Northrop Grumman B-21 Raider (LRS-B)
United States (2032)
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Northrop Grumman was awarded the rights to design, develop, and produce the next USAF strike bomber through the LRS-B initiative.
Detailing the development and operational history of the Northrop Grumman B-21 Raider (LRS-B) Long Range Strike - Bomber / Stealth Heavy Bomber. Entry last updated on 6/28/2018. Authored by Staff Writer. Content ©www.MilitaryFactory.com
Partners announced for the B-21 program are Pratt & Whitney (engines), BAe Systems (electronics), GKN Aerospace (metals and composites), Janicki Industries (composites and tooling), Orbital ATK (wing skins and nacelles), Spirit Aerosystems (metals and composites), and Rockwell Collins (communications). Northrop Grumman will provide the radar fit.
The B-21 is expected to enter service in the latter half of the 2020s with a target fleet of 100 aircraft. These will be used to succeed (perhaps optimistically at this point) the aging line of Boeing B-52, Rockwell B-1 and perhaps Northrop's own B-2 stealth bombers currently in service. The USAF's Rapid Capabilities Office (RCO) is currently heading the venture.
Based on released artist renderings, the B-21 will have an all-wing planform not unlike the B-2 "Spirit" stealth bomber, incorporating all learned and possible new stealth techniques into its design. The flight crew numbers two and is seated at the apex of the arrow shape. All major compartments are seated at the center mass of the aircraft whose fuselage is blended into the wings to promote a very low profile. At rear, the engines will be embedded into the design and its exhaust protected as much as possible from IR locators. An unmanned option has been mentioned for the bomber. A retractable tricycle undercarriage is assumed for ground-running.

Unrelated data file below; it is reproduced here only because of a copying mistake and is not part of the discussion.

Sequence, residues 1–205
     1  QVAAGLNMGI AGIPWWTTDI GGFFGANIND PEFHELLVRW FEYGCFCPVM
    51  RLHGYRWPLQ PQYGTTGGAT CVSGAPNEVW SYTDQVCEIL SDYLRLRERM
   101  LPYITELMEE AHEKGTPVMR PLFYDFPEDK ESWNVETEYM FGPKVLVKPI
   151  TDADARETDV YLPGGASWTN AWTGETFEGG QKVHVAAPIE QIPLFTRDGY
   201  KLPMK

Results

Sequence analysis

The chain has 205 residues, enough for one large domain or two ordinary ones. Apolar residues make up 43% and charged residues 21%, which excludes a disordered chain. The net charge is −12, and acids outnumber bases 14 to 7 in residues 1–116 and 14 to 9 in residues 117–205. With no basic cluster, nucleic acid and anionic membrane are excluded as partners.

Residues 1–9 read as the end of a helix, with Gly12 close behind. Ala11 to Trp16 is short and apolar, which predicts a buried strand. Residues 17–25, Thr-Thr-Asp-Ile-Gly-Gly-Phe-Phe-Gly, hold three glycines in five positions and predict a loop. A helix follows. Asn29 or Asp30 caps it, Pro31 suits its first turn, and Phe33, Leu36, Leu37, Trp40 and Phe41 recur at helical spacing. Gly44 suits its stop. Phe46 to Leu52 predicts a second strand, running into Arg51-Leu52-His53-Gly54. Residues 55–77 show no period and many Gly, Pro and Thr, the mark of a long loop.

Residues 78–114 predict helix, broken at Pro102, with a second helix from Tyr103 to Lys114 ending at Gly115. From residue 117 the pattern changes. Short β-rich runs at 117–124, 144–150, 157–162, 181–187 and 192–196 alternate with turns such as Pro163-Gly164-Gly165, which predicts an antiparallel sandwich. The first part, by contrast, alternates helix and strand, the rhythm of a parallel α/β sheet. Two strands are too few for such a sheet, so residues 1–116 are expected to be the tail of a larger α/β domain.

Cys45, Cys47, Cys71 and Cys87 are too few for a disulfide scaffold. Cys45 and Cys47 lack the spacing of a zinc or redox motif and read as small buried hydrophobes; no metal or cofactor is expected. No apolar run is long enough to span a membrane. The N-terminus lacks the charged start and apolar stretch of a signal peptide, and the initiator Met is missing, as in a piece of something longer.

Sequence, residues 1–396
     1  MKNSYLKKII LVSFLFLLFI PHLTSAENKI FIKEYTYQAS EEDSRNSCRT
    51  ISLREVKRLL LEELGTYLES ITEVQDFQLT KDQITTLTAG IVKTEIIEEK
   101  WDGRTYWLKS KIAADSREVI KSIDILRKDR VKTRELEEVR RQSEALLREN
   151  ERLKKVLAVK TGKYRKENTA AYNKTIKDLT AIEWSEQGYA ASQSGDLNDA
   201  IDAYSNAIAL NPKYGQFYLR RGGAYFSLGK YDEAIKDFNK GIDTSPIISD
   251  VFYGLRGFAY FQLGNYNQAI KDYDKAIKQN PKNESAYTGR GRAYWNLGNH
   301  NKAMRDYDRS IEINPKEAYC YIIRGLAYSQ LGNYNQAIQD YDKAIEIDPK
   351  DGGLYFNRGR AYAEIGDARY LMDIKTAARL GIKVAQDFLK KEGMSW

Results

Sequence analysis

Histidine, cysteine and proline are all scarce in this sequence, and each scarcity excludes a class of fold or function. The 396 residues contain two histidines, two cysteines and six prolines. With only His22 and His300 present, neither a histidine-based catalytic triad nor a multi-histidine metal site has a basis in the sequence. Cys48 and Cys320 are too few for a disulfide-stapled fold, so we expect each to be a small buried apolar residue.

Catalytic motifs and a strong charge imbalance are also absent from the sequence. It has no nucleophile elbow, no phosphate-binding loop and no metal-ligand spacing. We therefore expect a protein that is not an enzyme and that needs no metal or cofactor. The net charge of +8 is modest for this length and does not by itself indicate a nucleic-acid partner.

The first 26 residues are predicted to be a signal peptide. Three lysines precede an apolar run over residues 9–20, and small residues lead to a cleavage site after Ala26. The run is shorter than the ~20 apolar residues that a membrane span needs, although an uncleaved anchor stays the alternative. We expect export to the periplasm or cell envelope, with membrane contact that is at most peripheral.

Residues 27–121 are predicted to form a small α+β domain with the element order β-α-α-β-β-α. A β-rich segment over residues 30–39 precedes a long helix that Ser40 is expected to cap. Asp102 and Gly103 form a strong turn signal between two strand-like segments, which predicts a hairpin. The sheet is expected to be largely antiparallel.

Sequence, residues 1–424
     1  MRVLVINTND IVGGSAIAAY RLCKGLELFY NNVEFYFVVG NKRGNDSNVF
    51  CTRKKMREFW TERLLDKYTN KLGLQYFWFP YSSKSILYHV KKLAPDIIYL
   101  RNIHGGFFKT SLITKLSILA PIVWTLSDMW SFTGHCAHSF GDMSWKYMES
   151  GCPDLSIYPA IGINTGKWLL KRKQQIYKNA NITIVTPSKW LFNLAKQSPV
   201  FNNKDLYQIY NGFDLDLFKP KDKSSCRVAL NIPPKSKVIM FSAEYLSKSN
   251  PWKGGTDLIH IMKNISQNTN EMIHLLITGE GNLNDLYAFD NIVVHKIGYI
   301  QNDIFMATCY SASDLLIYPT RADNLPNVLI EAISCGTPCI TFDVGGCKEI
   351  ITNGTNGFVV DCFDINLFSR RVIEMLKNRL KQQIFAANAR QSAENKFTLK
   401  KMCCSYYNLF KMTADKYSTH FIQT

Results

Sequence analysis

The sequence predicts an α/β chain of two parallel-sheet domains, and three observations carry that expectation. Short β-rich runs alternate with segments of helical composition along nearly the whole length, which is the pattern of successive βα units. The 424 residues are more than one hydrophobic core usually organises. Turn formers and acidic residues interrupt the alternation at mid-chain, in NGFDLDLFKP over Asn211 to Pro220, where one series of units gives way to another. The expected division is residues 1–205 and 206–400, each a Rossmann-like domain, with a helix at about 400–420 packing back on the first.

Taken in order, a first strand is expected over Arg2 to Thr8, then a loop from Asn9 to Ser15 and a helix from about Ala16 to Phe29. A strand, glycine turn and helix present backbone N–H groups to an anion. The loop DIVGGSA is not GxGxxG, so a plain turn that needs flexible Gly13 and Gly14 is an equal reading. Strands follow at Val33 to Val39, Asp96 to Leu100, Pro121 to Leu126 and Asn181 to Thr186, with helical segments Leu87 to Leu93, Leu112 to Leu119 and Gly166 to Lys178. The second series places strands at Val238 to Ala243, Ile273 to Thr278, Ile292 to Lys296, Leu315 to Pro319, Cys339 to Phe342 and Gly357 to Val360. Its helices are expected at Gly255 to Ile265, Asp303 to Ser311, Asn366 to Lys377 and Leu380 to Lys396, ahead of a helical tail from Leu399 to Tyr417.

Picture of the Northrop Grumman B-21 Raider (LRS-B) Long Range Strike - Bomber / Stealth Heavy Bomber
Any available statistics for the Northrop Grumman B-21 Raider (LRS-B) Long Range Strike - Bomber / Stealth Heavy Bomber are showcased in the areas immediately below. Categories include basic specifications covering country-of-origin, operational status, manufacture(s) and total quantitative production. Other qualities showcased are related to structural values (namely dimensions), installed power and standard day performance figures, installed or proposed armament and mission equipment (if any), global users (from A-to-Z) and series model variants (if any).
February 2016 - Work on the B-21 project began.
September 2016 - The name of "Raider" has been assigned to the B-21 by the USAF. It is in honor of the "Doolittle Raiders" of World War 2. The service seeks to purchase 100 B-21s at a cost of $564 million per aircraft.
March 2017 - It was announced that the B-21 had passed a pair of preliminary design reviews.
November 2017 - Requirements of the B-21 product, and its basic design, have been completed.
June 2018 - The B-21's Critical Design Review (CDR) is slated for completion before the end of 2018. The CDR phase precedes the component manufacturing step required to produce a flyable prototype.